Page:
"If there be any thing wanting to your comfort," cried Oliver, "name it, Leather-stocking; and if it be attainable, it is yours."
"You mean all for the best, lad; I know it; and so does Madam, too; but your ways isn't my ways. 'Tis like the dead there, who thought, when the breath was in them, that one went east, and one went west, to find their heavens; but they'll meet at last; and so shall we, children.—Yes, ind as you've begun, and we shall meet in the land of the just at last."
"This is so new! so unexpected!" said Elizabeth, in almost breathless excitement; "I had thought you meant to live with us, and die with us, Natty."
"Words are of no avail!" exclaimed her husband; “the habits of forty years are not to be disposessed by the ties of a day. I know you too il to urge you further, Natty; unless you will let me build you a hut, on one of the distant hills,
where we can sometimes see you, and know that you are comfortable."
"Don't fear the Leather-stocking, children; God will see that his days be provided for, and his ind happy. I know you mean all for the best, but our ways doesn't agree. I love the woods, and ye relish the face of man; I eat when hungry, and drink when a-dry, and ye keep stated hours and rules; nay, nay, you even over-feed the dogs, lad, from pure kindness; and hounds should be gaunty to run well. The meanest of God's creaters be made for some use, and I'm form'd for the wilderness; and, if ye love me, let me go where my soul craves to be ag'in !"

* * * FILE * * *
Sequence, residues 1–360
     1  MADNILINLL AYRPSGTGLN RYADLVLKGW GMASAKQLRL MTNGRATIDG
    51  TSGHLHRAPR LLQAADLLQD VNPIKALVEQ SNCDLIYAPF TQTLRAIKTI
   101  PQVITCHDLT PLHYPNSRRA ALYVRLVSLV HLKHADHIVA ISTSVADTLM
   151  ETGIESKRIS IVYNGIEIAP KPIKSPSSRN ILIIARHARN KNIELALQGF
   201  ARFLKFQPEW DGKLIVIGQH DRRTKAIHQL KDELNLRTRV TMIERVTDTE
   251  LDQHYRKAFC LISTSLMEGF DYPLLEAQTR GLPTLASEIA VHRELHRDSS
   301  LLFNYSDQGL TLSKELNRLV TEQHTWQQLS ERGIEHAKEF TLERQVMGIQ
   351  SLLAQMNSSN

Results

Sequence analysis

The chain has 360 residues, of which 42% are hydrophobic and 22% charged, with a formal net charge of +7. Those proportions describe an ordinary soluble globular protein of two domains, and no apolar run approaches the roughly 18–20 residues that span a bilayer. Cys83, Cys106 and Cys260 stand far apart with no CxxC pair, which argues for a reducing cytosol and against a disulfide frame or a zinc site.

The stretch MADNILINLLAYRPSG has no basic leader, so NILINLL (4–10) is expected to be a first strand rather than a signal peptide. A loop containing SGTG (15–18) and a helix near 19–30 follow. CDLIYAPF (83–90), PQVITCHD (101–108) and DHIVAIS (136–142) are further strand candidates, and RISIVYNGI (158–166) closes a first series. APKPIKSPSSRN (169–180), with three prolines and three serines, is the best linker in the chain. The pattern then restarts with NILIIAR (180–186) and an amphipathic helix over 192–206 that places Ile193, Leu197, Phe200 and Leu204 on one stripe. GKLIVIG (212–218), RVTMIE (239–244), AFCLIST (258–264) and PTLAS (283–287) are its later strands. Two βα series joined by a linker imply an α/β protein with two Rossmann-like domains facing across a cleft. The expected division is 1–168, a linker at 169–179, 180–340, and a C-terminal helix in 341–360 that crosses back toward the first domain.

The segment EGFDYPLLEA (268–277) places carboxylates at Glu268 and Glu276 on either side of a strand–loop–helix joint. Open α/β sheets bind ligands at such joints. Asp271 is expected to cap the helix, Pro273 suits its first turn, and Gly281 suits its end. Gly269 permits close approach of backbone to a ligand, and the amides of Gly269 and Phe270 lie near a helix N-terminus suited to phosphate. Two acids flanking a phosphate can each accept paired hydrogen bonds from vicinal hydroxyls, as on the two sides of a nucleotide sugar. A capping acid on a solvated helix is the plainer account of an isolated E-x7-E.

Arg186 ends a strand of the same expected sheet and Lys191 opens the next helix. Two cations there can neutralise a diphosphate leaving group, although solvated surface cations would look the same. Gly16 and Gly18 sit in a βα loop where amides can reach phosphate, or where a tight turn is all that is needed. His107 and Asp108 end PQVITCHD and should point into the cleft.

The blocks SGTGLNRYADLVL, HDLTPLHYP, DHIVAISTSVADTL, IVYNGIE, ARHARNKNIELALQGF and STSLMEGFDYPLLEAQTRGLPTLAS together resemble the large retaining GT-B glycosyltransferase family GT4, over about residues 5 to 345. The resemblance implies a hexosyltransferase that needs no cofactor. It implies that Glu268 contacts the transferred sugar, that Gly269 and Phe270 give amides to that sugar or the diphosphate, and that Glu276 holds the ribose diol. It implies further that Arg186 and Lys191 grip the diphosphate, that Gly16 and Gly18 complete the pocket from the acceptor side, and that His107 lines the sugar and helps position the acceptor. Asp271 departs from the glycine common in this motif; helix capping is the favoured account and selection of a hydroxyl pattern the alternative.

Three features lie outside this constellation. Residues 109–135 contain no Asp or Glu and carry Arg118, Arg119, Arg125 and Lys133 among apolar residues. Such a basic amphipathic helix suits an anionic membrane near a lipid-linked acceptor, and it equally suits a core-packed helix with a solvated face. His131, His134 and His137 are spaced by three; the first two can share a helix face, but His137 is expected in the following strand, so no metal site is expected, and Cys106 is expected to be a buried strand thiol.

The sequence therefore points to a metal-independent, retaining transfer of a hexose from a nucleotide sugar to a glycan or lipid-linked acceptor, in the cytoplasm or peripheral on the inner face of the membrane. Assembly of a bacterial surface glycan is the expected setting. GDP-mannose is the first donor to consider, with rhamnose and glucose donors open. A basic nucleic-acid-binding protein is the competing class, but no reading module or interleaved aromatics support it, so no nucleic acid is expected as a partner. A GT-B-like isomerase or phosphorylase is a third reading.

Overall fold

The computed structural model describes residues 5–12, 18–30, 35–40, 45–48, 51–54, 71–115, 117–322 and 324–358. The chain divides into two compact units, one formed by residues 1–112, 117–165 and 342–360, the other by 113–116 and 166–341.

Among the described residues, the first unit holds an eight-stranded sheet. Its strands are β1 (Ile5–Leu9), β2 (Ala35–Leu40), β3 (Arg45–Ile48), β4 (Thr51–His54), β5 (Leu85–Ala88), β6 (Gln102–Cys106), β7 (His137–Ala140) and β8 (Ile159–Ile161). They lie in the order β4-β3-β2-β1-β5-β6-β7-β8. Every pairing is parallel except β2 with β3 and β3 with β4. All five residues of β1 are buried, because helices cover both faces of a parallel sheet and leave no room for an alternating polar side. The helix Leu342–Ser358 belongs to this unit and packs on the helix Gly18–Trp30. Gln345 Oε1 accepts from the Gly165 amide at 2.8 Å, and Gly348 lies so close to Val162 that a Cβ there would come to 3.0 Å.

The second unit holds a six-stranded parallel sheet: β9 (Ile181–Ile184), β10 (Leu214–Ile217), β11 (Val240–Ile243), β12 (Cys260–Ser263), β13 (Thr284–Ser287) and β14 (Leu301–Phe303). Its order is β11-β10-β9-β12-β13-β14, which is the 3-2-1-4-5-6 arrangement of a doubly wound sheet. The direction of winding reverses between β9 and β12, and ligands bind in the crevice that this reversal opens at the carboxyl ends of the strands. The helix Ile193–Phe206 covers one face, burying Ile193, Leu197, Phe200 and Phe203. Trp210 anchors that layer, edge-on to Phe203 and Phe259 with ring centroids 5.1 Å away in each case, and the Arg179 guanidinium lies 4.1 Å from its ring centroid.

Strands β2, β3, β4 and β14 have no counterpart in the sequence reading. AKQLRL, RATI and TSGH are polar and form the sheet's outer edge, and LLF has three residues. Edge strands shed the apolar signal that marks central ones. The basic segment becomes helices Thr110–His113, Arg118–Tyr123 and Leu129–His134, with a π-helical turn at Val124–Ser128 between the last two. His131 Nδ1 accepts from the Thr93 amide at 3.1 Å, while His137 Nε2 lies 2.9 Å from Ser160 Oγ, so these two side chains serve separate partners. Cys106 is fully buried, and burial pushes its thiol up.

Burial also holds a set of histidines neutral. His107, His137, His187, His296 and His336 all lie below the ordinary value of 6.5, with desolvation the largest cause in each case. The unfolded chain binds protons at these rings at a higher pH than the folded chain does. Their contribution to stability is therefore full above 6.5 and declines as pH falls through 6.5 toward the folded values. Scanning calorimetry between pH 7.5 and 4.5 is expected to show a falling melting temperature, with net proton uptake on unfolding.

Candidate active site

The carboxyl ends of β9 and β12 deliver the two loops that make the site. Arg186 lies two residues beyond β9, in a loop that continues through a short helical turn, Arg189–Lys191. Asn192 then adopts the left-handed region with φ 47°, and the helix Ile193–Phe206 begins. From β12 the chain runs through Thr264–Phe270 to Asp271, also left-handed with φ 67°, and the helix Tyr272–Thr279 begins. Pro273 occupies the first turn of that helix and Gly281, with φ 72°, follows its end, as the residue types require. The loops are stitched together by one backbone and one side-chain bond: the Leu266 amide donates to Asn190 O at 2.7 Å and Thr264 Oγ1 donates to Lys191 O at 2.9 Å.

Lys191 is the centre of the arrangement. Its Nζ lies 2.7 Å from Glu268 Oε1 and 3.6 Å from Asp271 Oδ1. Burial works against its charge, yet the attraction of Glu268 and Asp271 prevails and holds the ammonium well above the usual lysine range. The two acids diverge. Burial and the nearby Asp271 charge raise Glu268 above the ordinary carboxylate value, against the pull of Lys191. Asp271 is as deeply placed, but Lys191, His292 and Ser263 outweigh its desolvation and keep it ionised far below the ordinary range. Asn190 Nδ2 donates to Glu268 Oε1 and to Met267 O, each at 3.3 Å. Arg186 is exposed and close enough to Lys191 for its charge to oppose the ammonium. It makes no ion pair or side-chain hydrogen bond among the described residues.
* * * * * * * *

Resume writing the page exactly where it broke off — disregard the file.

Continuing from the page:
The appeal was decisive; not another word of entreaty for him to remain was then uttered; but Elizabeth bent her head to her bosom and wept, while her husband dashed away the tears from his eyes, and, with hands that almost refused to perform their office, he produced his pocket-book, and extended a parcel of bank-notes to the hunter.
"Take these," he said, "at least, take these ; secure them about your person, and, in the hour of need, they will do you good service."
The old man took the notes, and examined them with a curious eye, when he said
"This, then, is some of the new-fashioned money that they've been making at Albany, out of paper! It can't be worth much to they that hasn't larning! No, no, lad-take back the stuff; it will do me no sarvice. I took kear to get all the Frenchman's powder, afore he broke up, and they say lead grows where I'm going. It isn't even fit for wads, seeing that I use none but leather! Madam Effingham, let an old man kiss your hand, and wish God's choicest blessings on you and your'n "